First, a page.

Prata sellers here abused, but they still feed the hungry

Prata sellers here abused, but they still feed the hungry
A patron is slumped over in the corner.
PHOTO: The New Paper

It is past midnight, and the prata stall is bustling.

Revellers from clubs at Clarke Quay stumble into New Shah Alam at Circular Road, looking for their prata fix.

But while most eat and leave without incident, some cause trouble for the workers.

The stall is not alone. Since 2017, there have been three reported cases of prata stall employees getting attacked. In the most recent case last July, a trio slashed a cook for not giving them free prata.

New Shah Alam owner Mohamed Kamaludeen Babu Hussain, 44, said the stall has seen its share of incidents in the past 15 years under his management.

"Life is hard as a prata seller," he said. "Many people drink too much around the area and come here. Some are troublemakers."

There have been several fights, and Mr Kamaludeen, a Singapore PR, said his staff are often abused.

As The New Paper was interviewing him, an aggressive customer stormed to the counter, threatening to leave if his food was not served immediately.

Despite such incidents, Mr Kamaludeen goes about his business with a smile.

"Fighting is not very common, but when people do fight, it's usually over staring incidents or girls," he said.

"People also vomit all over, or sleep and then don't want to wake up, or shout at my staff and throw the food at them."

He said groups of young men also often leave one at a time without paying.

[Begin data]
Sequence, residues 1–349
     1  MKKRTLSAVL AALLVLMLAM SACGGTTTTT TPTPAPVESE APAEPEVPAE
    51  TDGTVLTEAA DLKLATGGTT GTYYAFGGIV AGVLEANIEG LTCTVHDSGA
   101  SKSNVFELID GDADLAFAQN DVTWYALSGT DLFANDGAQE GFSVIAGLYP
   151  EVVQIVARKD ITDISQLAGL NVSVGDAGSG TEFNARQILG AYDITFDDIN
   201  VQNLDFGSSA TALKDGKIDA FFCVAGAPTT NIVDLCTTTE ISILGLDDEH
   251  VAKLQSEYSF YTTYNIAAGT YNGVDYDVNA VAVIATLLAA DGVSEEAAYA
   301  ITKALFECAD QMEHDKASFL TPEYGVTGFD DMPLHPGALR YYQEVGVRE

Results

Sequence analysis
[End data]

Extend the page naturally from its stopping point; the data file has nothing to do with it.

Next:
Mr Kamaludeen said: "The last person then says he's paying only for himself. When we ask about the rest, he'll claim he doesn't know them.

"What to do? Just let it go. We make a loss, but it's okay."

While there are numerous CCTV cameras around the stall, staff are reluctant to call the police for incidents like these.

Mr Kamaludeen said: "We don't call the police often, why bother them?"

Many prata stall workers are from Malaysia and India. Those who spoke to us said they work here to earn more for their family back home.

Some work the graveyard shift for weeks, accumulating days-off for a longer trip home to see their children.

But feeding hungry late-night customers is not easy, especially when they are drunk.

Even in the heartlands, drunken patrons are common.

In 2017, a cook at a Mr Prata stall in Tampines was punched by a drunken customer even when the police were there. The assailant was later jailed.

Mr Suresh Kumar, 33, a Malaysian who has been working at Mr Prata for nine years, said there are several coffee shops in the area that sell beer till late.

FREE PRATA?

The idea of getting free prata caused a stir when a drunken trio slashed a cook at prata stall Habib's Express in Clementi last year, when he refused to give them some. But the notion is not new, and is a "legacy" from old Singapore, said prata stall owners.

Habib's Express' stall owner, Mr Mohamed Habib, 33, said that about three years ago, people would ask for free prata and rice at the stall.